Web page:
Two movies were made called Slide, Kelly, Slide. The first-was a baseball comedy produced in 1910 by Essanay; the second was a big production in 1927, starring William Haines as Kelly, with Harry Carey as an over-age catcher who is trying to finish one more season so he can buy a cigar store. Kelly pitches a no-hitter for the Yankees, gets the big head, drinks bootleg hooch and in a big scene tells Harry Carey he is all washed up. This queers him with Harry's daughter with whom he is in love. Kelly skids downhill fast, until finally little Mickey, the mascot, loses faith in him. The Yankees play the Cardinals in the World Series. (Real Yankees were used in this sequence.) The Series is tied three games to three. Harry Carey pleads for Kelly to be given another chance, even though he did call Carey a has-been. It is finally decided that Kelly shall pitch again. As little Mickey rides on his bicycle to tell Kelly the news, he is run over by a fire truck. The doctors decide that the only way to restore the boy's will to live is to let him watch the decisive game, so there he is, pretty well banged up, in a box seat. Kelly pitches like one inspired, but the score is 1-1 in the bottom half of the ninth, when Kelly himself comes to bat. He glances toward the box seats, and there he sees little Mickey, down on his knees, praying for a hit. Kelly hits a home run, and the movie ends with him marrying Harry Carey's daughter, and little Mickey dancing around as merrily as a kid who's been run over by a fire truck can be expected to.
How closely did the music of baseball reflect the game itself? In the period when the best of its music was written, bands played in the big league parks, and even small towns had bands that played for the big games. But whether big league or small town, the bands played standard band music, anything from Gilmore or Sousa marches to the thundering Battle of Prague. They never played anything remotely connected with baseball, unless it happened to be a piece written by a local musician for the local club, like the "Tyro Base Ball March, a haunting composition by Alice Rice for the Tyro Base Ball Club of Detroit, or The Temple Cup Two-Step, written by John Cavanagh to celebrate the Giants' winning the championship in 1894.
A good many musicians were conscious of the discrepancy between the scene and the music. Charles Ives, the modernist composer, was the son of a band leader in Danbury, Conn. and was also a player on the Yale nine. One of his most discordant and jangled works, a showpiece of modern atonal piano music full of dissonant chords, was a baseball composition called Some South-Paw Pitching. Virtually unplayable, a musical monstrosity, Some South-Paw Pitching could hardly be said to possess a more significant relation to the sport than did the Entry of the Gladiators or the other standard band favorites of the period when Ives's father led the Danbury band.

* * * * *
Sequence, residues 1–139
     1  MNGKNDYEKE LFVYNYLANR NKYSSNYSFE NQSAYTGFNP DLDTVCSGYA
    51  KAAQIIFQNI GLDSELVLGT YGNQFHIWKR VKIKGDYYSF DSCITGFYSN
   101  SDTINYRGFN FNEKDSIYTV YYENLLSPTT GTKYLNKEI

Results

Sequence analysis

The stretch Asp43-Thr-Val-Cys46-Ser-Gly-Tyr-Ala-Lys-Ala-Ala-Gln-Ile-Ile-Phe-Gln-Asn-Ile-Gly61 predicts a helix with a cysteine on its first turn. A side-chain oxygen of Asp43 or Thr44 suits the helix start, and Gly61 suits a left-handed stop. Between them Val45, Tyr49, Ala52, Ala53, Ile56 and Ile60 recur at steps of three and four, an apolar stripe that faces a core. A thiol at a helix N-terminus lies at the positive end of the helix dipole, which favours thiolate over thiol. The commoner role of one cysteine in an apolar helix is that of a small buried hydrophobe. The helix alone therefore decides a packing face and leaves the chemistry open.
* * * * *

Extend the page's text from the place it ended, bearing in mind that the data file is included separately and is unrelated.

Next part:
The question is whether there was not a distinct branch of a native American music coming into existence around the sport. Certainly there were exceptionally lively and unhackneyed compositions being written. And certainly the ties that link baseball and music have been close and significant. That eminent baritone, Bing Crosby, owns 10% of the Pirates, but lots of musicians before him owned ball clubs. Angelo's Base Ball Fever of 1867 was dedicated to Lew Simmons of Philadelphia, the Bing Crosby of his day, the leading minstrel, who owned the Philadelphia Athletics, a pioneer club that antedated Connie Mack's Athletics. Helen Traubel, the opera star, owned part of the St. Louis Browns. Harry Frazee, the owner of the Boston Red Sox, sold Babe Ruth, Herb Pennock, Carl Mays and half a dozen lesser players in order to get money to back his musical comedies. Before the turn of the century the Phillies had a fine first baseman named Sydney Farrar, whose daughter Geraldine became the famous opera star.
It has always seemed to me a matter to be regretted that there was no American music to engage the talents of a singer like Geraldine Farrar. In the days when she was making her debut in Berlin as Marguerite in Faust, Victor Red Seal records were almost synonymous with culture, and a stately female wearing something shaped like a wigwam represented the epitome of highbrow musical joy. No one would wish anything of the sort on baseball; still, an opera of the game, or a musical version of the tragedy of the Black Sox scandal conceivably could have been nearer the springs of native inspiration for a singer like Geraldine Farrar than the dagger-wielding scenes of Carmen.